Gather The Force in the Star Wars: Unlimited Collectible Card Game

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Gather The Force in the Star Wars: Unlimited Collectible Card Game

Star Wars: Unlimited—Spark of Rebellion is just the latest effort to take the Magic: the Gathering formula to another thematic universe, following the wildly successful 2023 release Disney Lorcana from Ravensburger. And since the expanded Star Wars universe provides a tremendous amount of content for the public’s inevitable thirst for more packs, there’s already huge interest in the game and a thriving secondary market. It’s not my type of game experience, but I can see why this one has caught on so quickly.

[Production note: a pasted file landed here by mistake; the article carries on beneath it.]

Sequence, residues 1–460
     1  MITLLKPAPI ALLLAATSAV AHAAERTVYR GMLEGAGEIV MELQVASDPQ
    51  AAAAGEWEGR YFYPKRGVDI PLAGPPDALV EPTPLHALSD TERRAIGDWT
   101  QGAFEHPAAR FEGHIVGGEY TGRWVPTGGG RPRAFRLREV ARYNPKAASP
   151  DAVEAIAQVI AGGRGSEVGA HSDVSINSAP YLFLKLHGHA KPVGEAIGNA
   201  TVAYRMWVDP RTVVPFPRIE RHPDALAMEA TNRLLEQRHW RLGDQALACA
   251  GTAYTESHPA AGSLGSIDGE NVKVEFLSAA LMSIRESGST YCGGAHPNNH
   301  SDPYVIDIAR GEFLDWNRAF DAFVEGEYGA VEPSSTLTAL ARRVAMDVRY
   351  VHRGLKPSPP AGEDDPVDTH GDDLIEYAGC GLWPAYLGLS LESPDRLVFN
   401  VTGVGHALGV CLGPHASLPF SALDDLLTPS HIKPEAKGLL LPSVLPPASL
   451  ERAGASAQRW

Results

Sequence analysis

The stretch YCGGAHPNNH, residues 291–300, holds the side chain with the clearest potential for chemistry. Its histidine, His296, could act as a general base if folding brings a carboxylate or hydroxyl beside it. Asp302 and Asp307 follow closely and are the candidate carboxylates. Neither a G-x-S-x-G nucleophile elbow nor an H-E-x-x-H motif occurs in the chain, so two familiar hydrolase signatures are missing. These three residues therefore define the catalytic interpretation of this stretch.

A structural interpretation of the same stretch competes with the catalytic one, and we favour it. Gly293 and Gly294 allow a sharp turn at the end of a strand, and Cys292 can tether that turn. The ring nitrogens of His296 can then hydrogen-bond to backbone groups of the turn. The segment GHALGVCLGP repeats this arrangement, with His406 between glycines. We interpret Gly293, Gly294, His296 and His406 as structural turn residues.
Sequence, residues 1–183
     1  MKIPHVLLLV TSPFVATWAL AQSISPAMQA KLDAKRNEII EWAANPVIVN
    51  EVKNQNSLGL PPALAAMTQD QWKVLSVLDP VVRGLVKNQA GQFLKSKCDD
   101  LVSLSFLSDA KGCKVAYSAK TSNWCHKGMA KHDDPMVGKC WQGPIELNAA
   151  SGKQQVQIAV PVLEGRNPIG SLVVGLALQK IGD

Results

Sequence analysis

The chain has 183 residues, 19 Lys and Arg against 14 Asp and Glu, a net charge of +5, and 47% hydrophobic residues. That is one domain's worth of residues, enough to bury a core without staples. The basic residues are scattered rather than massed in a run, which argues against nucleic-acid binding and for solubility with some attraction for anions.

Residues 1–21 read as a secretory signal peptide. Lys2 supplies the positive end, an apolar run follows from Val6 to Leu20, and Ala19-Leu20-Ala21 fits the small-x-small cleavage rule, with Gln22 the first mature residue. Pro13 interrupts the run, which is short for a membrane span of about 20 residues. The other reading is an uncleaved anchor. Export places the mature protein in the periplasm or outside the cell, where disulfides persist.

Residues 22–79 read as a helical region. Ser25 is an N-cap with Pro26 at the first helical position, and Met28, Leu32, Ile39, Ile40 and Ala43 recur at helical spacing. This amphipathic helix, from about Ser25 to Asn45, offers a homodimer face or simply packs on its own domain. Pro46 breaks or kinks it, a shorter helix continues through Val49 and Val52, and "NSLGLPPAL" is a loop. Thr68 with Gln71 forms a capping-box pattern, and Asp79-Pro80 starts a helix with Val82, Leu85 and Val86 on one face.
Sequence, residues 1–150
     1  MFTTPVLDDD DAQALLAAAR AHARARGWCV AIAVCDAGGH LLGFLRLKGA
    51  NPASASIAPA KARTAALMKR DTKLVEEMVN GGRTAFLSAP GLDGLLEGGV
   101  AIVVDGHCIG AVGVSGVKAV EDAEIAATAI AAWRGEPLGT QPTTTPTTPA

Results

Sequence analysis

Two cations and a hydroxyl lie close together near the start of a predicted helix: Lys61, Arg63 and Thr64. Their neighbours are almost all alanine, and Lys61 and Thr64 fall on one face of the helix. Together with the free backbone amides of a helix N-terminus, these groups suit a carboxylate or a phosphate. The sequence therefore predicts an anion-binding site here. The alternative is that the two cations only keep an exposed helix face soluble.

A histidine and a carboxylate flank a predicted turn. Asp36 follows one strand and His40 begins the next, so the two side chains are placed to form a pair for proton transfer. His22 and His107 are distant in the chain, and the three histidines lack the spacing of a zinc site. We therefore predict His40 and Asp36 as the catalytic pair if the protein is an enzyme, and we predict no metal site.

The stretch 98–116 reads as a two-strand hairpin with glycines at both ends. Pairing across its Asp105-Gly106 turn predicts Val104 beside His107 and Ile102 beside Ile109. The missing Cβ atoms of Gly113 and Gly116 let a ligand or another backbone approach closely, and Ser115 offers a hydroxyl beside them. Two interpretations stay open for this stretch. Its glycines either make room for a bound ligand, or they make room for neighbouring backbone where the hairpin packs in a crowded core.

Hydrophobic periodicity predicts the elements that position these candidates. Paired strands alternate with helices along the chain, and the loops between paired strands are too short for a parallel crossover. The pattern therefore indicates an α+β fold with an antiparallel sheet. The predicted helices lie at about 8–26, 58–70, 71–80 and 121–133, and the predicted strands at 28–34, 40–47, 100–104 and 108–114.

I’ve never been a deckbuilder guy, particularly not of the sort known as collectible card games, or CCGs, although various companies have given their own names to the genre. These games incorporate two things I don’t generally like in games: the need to continue buying or acquiring game components to keep up with the competition, and the need to do advance preparation before playing by building and honing your deck. (In that way, it reminds me of playing fantasy baseball, a hobby that took up a huge amount of my time from the year I graduated high school until baseball became my full-time job 13 years later.) These attributes are also a big part of the genre’s success—people love the collecting, love the hunt for new or rare cards, love playing around with their decks to try to find the ideal card combinations.